Poem of the Day: “You Reading This, Be Ready”

You Reading This, Be Ready

Starting here, what do you want to remember?
How sunlight creeps along a shining floor?
What scent of old wood hovers, what softened
sound from outside fills the air?

Will you ever bring a better gift for the world
than the breathing respect that you carry
wherever you go right now? Are you waiting
for time to show you some better thoughts?

When you turn around, starting here, lift this
new glimpse that you found; carry into evening
all that you want from this day. This interval you spent
reading or hearing this, keep it for life.

What can anyone give you greater than now,
starting here, right in this room, when you turn around?

– William Stafford

For more information about this poet, visit williamstafford.org

Advertisements

Poem of the Day: Requiem for the Croppies

Here’s a new series of posts that I’m really excited about.  As his students may remember, Jim starts off his classes reading a poem.  This is a treasured memory for me: not only does Jim have incredible taste in modern poetry, but he’s masterful at reading poetry to others.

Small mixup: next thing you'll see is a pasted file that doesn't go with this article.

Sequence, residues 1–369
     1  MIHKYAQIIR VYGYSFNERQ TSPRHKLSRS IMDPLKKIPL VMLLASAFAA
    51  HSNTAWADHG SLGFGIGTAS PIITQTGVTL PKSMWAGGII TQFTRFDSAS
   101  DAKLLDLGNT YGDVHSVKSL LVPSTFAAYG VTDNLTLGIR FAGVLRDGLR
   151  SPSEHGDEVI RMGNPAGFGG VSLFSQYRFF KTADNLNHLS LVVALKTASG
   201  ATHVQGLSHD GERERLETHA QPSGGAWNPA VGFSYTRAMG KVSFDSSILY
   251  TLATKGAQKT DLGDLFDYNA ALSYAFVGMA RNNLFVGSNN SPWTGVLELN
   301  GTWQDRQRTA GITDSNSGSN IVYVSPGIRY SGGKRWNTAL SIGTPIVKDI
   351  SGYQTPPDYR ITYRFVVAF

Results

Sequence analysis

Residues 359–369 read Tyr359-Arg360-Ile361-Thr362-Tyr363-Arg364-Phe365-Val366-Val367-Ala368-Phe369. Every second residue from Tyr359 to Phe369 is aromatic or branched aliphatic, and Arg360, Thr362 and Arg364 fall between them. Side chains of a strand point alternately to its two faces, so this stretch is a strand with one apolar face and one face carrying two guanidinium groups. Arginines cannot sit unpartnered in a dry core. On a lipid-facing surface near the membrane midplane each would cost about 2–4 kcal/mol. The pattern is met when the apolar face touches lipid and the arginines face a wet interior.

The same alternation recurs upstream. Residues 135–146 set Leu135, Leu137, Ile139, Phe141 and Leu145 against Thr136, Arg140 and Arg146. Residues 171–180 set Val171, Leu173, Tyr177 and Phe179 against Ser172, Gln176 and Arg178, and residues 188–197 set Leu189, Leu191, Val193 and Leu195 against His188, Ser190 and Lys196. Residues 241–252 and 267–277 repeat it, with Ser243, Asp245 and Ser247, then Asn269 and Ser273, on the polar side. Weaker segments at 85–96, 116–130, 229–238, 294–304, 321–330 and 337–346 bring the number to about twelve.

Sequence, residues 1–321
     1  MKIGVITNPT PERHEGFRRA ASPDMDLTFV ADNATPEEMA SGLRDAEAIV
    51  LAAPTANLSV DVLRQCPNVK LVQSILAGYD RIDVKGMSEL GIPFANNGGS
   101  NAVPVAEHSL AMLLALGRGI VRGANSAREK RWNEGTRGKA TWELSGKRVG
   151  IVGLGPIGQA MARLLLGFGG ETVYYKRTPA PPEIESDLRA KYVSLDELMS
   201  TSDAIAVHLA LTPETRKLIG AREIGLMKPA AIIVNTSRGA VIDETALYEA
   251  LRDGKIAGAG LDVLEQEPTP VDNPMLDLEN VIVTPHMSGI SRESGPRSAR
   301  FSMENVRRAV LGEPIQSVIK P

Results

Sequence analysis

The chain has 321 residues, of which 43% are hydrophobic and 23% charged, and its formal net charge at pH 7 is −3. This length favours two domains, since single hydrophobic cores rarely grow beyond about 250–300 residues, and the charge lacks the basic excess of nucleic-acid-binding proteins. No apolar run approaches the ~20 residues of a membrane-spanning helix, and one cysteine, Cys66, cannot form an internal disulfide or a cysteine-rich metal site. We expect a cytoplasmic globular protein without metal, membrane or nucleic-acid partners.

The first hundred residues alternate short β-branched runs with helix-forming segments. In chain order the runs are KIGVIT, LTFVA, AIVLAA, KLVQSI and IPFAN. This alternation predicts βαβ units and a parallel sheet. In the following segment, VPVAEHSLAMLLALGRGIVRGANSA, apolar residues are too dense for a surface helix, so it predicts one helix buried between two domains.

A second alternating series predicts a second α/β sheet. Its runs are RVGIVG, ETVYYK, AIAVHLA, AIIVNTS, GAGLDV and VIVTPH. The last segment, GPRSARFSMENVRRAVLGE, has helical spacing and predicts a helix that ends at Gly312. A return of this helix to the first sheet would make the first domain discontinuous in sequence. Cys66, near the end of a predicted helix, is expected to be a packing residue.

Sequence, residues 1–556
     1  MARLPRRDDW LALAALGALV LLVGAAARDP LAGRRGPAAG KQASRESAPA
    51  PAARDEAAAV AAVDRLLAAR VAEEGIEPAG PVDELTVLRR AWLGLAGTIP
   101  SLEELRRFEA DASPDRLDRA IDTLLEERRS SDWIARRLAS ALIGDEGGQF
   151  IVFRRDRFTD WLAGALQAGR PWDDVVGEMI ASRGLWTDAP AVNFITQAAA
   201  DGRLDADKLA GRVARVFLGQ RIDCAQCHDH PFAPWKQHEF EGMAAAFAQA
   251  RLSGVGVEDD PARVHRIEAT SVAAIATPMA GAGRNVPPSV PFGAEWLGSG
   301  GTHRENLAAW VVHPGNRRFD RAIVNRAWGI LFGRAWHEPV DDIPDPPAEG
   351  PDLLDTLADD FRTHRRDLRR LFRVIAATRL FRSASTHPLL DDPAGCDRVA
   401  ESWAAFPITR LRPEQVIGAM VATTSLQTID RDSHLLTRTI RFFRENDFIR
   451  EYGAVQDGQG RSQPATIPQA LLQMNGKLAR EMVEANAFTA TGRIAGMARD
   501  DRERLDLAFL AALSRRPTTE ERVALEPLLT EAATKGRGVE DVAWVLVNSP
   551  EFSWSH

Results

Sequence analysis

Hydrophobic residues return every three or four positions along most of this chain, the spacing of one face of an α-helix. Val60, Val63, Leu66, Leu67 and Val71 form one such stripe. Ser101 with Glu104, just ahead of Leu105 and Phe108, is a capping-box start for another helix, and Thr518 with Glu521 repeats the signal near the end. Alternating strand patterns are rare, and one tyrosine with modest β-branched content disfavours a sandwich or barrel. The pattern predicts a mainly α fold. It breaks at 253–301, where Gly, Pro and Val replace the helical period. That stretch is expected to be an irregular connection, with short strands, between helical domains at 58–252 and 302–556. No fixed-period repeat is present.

Jim has kindly sent me some of his poetry selections and I’m going to start posting them.  I hope it inspires both Jim Shepard fans and aspiring fiction writers to read more poetry, something Jim has always encouraged us to do.

Requiem for the Croppies

The pockets of our greatcoats full of barley…
No kitchens on the run, no striking camp…
We moved quick and sudden in our own country.
The priest lay behind ditches with the tramp.
A people hardly marching… on the hike…
We found new tactics happening each day:
We’d cut through reins and rider with the pike
And stampede cattle into infantry,
Then retreat through hedges where cavalry must be thrown.
Until… on Vinegar Hill… the final conclave.
Terraced thousands died, shaking scythes at cannon.
The hillside blushed, soaked in our broken wave.
They buried us without shroud or coffin
And in August… the barley grew up out of our grave.

-Seamus Heaney

 

If you’re interested in learning more about rich history behind the poem, here’s a good blog post on the topic.